Finance committee expands medical tax deduction in state budget

Posted May 18, 2015

— The Finance Committee on Monday proved a rough and tumble battleground for the $22.1 billion budget developed by House leaders, eking out a 19-16 vote after two hours of debate over expanding or contracting a series of tax breaks.

Although votes in the committee weren't recorded, it appears Republican leaders saw several of their more conservative members go against them on the vote to send the bill onto the House Appropriations Committee.

"I didn't speak up because I didn't know where to begin," said Rep. John Blust, R-Guilford, who said he opposed many of the tax credits contained in the bill, such as the historic preservation tax credit for restoring old buildings.

State budget House budget restores historic tax credits, medical deductions North Carolina state flag Proposed House budget gives raises to state employees, teachers, retirees Blust also pointed to provisions that raised virtually all Division of Motor Vehicles fees by 50 percent, raising the cost of driver's licenses, titles and the like. The fee for an eight-year driver's license renewal, for example, moves from $32 to $48.

"Before your pour more money into a leaking bucket, I want to fix the bucket," Blust said of the Department of Transportation. "I remember when there was a Republican Party in the House."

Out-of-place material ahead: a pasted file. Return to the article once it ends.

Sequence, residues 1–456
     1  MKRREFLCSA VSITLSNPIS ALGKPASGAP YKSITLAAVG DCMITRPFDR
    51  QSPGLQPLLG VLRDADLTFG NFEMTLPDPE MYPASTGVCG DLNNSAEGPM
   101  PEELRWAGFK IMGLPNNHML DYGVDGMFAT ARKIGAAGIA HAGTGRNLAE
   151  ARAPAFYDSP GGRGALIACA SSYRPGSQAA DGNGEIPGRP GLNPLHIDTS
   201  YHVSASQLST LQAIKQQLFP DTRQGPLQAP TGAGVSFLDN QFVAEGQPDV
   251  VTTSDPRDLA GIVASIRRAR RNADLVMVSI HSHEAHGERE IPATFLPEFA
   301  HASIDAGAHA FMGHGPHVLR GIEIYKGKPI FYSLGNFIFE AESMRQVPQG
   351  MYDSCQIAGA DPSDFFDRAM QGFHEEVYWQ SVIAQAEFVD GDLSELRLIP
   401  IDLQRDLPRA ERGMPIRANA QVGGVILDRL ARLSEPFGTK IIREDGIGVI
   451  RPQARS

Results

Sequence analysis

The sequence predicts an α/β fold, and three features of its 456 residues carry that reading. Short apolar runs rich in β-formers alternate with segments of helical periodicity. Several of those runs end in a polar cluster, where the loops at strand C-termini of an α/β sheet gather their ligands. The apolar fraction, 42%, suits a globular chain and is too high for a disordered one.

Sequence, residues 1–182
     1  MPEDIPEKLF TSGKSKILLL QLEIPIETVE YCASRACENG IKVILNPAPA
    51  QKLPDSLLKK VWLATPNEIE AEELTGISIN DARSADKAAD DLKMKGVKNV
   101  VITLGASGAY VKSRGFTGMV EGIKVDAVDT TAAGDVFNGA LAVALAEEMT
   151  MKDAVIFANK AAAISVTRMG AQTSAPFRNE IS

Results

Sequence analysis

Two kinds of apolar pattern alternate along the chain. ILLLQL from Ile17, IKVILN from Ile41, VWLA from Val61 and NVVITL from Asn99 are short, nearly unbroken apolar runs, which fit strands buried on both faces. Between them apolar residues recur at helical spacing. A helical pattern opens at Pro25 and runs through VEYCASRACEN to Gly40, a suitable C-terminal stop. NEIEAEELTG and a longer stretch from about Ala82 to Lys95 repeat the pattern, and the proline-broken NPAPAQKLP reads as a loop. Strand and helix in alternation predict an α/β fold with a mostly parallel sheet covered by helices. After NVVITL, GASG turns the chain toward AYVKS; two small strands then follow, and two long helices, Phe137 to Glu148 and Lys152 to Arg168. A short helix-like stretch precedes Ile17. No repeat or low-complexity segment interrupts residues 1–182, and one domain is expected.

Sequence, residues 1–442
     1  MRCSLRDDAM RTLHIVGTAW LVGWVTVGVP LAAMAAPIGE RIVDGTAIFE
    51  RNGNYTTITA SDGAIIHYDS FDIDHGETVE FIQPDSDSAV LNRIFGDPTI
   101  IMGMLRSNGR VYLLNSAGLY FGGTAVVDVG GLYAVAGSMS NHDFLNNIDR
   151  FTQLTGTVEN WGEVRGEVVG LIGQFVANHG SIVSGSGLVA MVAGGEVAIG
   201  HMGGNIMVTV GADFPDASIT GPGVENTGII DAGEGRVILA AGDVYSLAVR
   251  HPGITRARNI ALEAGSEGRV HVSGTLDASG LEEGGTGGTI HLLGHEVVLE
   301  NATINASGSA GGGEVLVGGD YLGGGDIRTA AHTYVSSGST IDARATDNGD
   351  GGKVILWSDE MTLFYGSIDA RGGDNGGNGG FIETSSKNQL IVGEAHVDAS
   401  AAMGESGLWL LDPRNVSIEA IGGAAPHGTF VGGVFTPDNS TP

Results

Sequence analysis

Also voting against the budget bill were two former Finance Committee chairmen, Reps. Julia Howard, R-Davie, and Mitch Setzer, R-Catawba.

"I have a lot of heartburn over these DMV fees," Setzer said when asked about his vote.

A small group of centrist Democrats who have been working under the banner of Main Street Democrats helped buoy the bill, setting up the intriguing possibility that the measure could pass later this week even if it loses a large chunk of conservative members on the floor.

Asked if the measure was at all in trouble, Rep. Nelson Dollar, R-Wake, brushed off any concerns about a closer-than-expected vote, saying, "I think we'll be in good shape as this bill goes forward."

Now clear of the Finance Committee, House Bill 97 heads to the full Appropriations Committee, where it is expected to be the subject of a full-day debate and amendment session. It will then go to the House floor later this week. It should be in the Senate's hands by Memorial Day, where lawmakers will draft their own version of the bill. Those two versions will then be reconciled.

Expanding health deductions

Some of the tussles came over minor amendments, such as a change offered by Setzer, R-Catawba, that deleted a requirement that small, nonprofit agricultural fairs collect sales taxes. A similar bill died on the House floor during the last legislative session but picked up enough support to pass without a full show of hands in committee.

The most notable amendment may have come from Howard, who offered a change to the bill that would expand a tax deduction for medical expenses to all taxpayers. The loss of that deduction sparked a flood of complaints to members' offices.

As it was initially drafted, the budget bill would have restored the deduction to anyone over age 65.

"If we're going to allow it, we should allow it for everyone," Rep. Bert Jones, R-Rockingham, said.